Partnerships the Nonprofit Way
What Matters, What Doesn't
Published by: Indiana University Press
Collaboration and partnership are well-known characteristics of the nonprofit sector, as well as important tools of public policy and for creating public value. But how do nonprofits form successful partnerships? From the perspective of nonprofit practice, the conditions leading to collaboration and partnership are seldom ideal. Nonprofit executives contemplating interorganizational cooperation, collaboration, networks, partnership, and merger face a bewildering array of challenges.
In Partnerships the Nonprofit Way: What Matters, What Doesn't, the authors share the success and failures of 52 nonprofit leaders. By depicting and contextualizing nonprofit organization characteristics and practices that make collaboration successful, the authors propose new theory and partnership principles that challenge conventional concepts centered on contractual fulfillment and accountability, and provide practical advice that can assist nonprofit leaders and others in creating and sustaining strategic, mutually beneficial partnerships of their own.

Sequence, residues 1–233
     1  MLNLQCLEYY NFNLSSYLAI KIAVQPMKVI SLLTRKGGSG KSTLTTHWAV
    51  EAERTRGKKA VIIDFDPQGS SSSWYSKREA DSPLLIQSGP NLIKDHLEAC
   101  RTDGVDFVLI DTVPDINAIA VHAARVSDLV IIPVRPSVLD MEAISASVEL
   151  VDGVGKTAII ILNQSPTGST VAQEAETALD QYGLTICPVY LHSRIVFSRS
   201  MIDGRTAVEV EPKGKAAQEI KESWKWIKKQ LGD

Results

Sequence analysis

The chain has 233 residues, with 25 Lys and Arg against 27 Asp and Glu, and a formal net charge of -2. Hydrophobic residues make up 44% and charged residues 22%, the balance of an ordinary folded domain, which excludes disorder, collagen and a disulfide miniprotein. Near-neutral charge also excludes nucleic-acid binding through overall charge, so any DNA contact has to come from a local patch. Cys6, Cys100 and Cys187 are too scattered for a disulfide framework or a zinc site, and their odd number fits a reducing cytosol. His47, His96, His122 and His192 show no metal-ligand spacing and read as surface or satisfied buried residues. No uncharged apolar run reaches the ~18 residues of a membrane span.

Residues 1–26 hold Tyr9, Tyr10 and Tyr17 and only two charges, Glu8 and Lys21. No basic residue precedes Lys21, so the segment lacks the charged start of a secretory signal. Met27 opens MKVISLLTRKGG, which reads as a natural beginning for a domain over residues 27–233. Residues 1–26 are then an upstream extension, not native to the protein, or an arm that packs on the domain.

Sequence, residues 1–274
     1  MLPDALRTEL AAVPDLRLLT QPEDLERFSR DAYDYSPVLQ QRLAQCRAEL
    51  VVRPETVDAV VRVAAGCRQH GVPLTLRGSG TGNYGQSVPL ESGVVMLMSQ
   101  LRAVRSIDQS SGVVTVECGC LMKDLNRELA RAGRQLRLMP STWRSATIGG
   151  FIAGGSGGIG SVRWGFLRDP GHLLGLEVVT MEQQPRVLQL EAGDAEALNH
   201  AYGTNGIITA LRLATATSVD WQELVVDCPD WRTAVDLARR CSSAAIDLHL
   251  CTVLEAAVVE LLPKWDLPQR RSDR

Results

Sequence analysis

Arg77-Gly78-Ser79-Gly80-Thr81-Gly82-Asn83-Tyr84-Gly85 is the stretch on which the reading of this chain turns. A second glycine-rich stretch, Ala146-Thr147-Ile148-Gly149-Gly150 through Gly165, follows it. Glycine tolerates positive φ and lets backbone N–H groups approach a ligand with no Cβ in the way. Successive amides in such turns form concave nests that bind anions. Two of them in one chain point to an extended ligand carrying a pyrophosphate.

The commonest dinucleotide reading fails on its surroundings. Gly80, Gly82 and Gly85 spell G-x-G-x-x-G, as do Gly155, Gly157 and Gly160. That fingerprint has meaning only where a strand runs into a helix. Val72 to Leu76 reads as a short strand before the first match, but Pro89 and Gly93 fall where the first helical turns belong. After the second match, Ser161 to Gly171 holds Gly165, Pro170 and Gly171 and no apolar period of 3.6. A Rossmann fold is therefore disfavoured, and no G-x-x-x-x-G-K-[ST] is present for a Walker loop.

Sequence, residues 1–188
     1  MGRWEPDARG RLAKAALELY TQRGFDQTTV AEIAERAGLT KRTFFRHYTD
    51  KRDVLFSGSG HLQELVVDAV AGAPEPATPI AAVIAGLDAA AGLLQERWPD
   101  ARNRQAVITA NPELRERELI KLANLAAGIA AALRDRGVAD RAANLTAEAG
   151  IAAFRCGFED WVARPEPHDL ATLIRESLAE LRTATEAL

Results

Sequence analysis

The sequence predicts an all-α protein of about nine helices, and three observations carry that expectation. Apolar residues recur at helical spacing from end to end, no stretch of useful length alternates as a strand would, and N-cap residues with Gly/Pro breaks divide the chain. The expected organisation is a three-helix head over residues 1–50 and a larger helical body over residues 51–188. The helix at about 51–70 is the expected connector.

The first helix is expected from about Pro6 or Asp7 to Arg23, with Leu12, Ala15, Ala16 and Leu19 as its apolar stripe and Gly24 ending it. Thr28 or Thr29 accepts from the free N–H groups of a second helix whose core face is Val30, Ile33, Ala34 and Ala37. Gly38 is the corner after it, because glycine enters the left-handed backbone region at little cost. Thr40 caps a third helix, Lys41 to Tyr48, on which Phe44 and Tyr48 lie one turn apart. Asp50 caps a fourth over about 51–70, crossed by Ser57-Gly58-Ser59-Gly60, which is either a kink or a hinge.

A Note on Quoted Material
Introduction: Why This Book?
1. Summing Up, Summing Down: A Review of the Literature on Partnership
2. Nonprofit Partnerships: The Gold Standard
3. The Point of Partnering
4. Good to Great: Recognizing the Signs of High Quality Partnerships
5. Nonprofit Partnerships by Sub-Sector
6. Grant Makers Partnership Practices
7. Toward Nonprofit Theory: Collaboration as a Way of (Work) Life
Collaboration is the life blood of the nonprofit sector. Yet the literature is strangely neglectful of nonprofits' critical roles and perspectives in all kinds of cross-sector partnerships involving business, government and nonprofit organizations. No longer. This richly empirical study by Stuart Mendel and Jeff Brudney shines a bright and broad light on the factors that allow nonprofits and their partners to succeed in their collaborative endeavors.~Dennis Young